Category Projects

City Hall Natural Lawn Project, Houston, Texas

spacerMore and more public institutions are turning to natural systems to protect their water supply and to reduce costs. The City of Houston is no exception. In fact, they are leaders in taking care of special spots around the city organically. SGTX has been helping them for several years now.

Boots walking is the theme in front of City Hall, Houston.

Always a changing scene (The work of the talented Parks & Recreation Department), the lawn in front of the Houston City Hall gets lots of heavy foot traffic – festivals, ceremonies, public happenings. The lawn and seating area are much healthier now and able to hold up and bounce back quicker under heavy use. Beautiful old azeales are blooming magnificantly. Thank you, City of Houston, for letting us be on your team!

Beautiful, robust azales in response to the Soil Food Web.

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TXDoT’s Organic Major Thoroughfares Tree Project

Danny Phillips of SGTX foliar spraying a portion of the trees along HWY 59 in Houston, Texas.spacer

Total Trees injected in Houston: 123,034 and counting!

We want the trees to quickly establish in sub-standard, harsh roadside ground and grow vigorously.The trees are injected with biological innoculants, including mycorrhizal fungi soon after planting. Then specially formulated bio-stimulation blends are foliar applied 3 times over the next 1.5 years. Take a look at ectomycorrhizal growing as a consequence of SGTX tree injections.

Vibrant color for both trees and wildflowers along Houston's Hwy 59 portion that SGTX worked.

spacerWildflowers were also planted along the highways. While SGTX works with both Liquid Compost Extract (LCE) and Aerated Compost tea, we prefer the use of LCE in this type of situation. We believe the sheer vibrancy of color and number of species responding are much greater with the use of LCE.

Hats off to the TXDOT’s Houston Area Landscape Architects! It takes ...

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What is a Natural/Sustainable Agriculture System?

Let us be clear what we are doing with our work in these natural soil habitats. We are building or strengthening soil habitats with LIFE. The main word is ‘LIFE.’ To sustain this Life requires foods – minerals – both trace and major/minor nutrients. In a form the bugs (the LIFE) can eat! It requires energy. We believe soil LIFE is best referenced as the ‘soil foodweb.’

It is this soil food web that is nature’s preferred delivery system between the organic and inorganic systems, between the available and unavailable nutrients, and out of that energy for growth, disease resistance, nutrient retention versus leaching, top soil staying in place rather than eroding away – and yes, even rebuilding that lost top soil...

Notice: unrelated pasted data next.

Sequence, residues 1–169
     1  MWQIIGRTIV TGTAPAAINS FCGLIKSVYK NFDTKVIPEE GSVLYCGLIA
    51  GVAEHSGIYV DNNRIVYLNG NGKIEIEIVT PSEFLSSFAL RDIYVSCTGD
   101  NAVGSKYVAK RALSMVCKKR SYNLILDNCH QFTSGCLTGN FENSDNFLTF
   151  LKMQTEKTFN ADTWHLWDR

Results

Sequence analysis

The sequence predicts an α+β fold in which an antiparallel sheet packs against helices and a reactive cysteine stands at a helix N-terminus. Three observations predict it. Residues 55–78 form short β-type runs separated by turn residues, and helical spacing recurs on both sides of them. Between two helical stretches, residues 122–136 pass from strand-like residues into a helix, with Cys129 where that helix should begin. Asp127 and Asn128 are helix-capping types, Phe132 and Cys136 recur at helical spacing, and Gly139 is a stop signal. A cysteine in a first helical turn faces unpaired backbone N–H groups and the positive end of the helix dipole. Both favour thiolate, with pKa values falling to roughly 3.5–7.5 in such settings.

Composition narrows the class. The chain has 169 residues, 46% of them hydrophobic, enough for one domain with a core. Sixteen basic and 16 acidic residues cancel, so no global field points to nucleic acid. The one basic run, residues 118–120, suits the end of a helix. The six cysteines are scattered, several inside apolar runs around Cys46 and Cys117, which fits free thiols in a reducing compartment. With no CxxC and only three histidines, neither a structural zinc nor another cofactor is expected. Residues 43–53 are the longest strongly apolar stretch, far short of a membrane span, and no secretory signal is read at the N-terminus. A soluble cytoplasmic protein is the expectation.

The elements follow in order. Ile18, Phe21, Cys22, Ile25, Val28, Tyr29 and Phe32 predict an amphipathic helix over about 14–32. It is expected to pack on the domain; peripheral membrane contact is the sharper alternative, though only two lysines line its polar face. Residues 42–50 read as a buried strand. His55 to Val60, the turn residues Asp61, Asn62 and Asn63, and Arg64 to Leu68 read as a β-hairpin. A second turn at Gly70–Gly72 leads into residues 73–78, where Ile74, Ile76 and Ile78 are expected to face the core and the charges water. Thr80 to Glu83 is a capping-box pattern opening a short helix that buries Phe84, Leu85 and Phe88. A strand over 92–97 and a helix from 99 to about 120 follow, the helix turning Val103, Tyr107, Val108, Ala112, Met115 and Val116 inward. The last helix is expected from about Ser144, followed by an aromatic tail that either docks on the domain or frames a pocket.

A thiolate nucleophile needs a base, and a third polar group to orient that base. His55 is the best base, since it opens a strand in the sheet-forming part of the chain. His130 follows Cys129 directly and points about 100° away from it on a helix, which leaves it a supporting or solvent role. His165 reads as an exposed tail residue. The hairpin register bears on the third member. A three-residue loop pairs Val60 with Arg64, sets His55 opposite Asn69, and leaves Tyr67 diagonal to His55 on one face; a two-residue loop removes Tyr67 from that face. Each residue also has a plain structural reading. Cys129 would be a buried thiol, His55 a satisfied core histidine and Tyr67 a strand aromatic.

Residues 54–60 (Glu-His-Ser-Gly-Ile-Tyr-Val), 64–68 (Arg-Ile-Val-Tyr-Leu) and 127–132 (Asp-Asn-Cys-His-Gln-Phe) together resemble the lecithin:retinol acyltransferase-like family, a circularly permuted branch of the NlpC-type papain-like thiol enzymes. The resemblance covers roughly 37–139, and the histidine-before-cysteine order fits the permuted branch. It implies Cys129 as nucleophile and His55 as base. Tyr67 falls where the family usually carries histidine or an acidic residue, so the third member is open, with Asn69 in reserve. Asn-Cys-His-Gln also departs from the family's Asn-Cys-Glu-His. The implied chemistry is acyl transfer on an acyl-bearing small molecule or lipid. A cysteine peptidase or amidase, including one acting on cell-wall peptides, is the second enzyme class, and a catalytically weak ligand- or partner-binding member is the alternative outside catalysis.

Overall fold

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SGTX Custom Blends Follow Road Map to Match Biology with Desired Plant Growth

SGTX promotes the use of Fungi-to-Bacteria ratios as a key to understanding how a below-ground soil foodweb succession parallels an above-ground plant ecological succession.  The following chart illustrates this concept.  Early-successional plants (invasive weeds and annual crops) are bacterial-dominated while late-successional plants (prairies, trees, and forests) are fungal-dominated.  The numbers in the chart are based on soil biology lab tests.  They are reported as Total Fungal Biomass : Total Bacteria Biomass (F:B) in micrograms per gram.

The soil biology test provides a practical glimpse of which kinds and how many soil critters make up the existing soil foodweb on a farm, ranch, yard, park, etc.  This chart guides SGTX work...

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Does Soil Biology Influence Soil Chemistry? Yes, It Does!

Johnson-Landview property

By Betsy Ross

Working with landowners in Texas, we’ve found that soil biology amendments can “shift” or alter nutrient values on a soil chemistry test. The following case study provides details on site conditions, the sequence of soil sampling and biology treatments, and soil test data.

Our company, Sustainable Growth Texas, LLC, uses bio-spray field treatments to help restore life in the soil.  Many of our clients are rural landowners in Texas with pasture lands.  Our motto is “better soil, better life”.

Project Site: The site had sandy loam soil and was located in Gonzales County, Texas.  The landowners had signed up for an EQUIP program from their local NRCS office.  They had just finished clearing heavy understory brush among Post Oak trees.

Here is the sequence of events:


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